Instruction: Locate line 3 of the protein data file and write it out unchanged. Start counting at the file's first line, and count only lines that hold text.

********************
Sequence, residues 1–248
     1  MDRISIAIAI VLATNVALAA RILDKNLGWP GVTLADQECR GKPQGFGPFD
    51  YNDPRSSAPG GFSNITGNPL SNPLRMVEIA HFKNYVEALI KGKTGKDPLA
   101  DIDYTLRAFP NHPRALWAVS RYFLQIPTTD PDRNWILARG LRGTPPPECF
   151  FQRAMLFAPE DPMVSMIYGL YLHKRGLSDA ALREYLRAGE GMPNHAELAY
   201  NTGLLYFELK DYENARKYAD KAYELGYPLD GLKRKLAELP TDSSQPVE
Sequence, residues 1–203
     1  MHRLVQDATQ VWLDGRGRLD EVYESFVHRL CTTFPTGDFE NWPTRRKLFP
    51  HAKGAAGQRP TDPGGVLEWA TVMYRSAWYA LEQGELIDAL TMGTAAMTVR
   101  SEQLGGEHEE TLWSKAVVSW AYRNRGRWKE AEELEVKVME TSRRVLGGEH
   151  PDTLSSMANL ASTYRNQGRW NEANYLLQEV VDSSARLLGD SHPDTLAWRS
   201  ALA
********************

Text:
    51  YNDPRSSAPG GFSNITGNPL SNPLRMVEIA HFKNYVEALI KGKTGKDPLA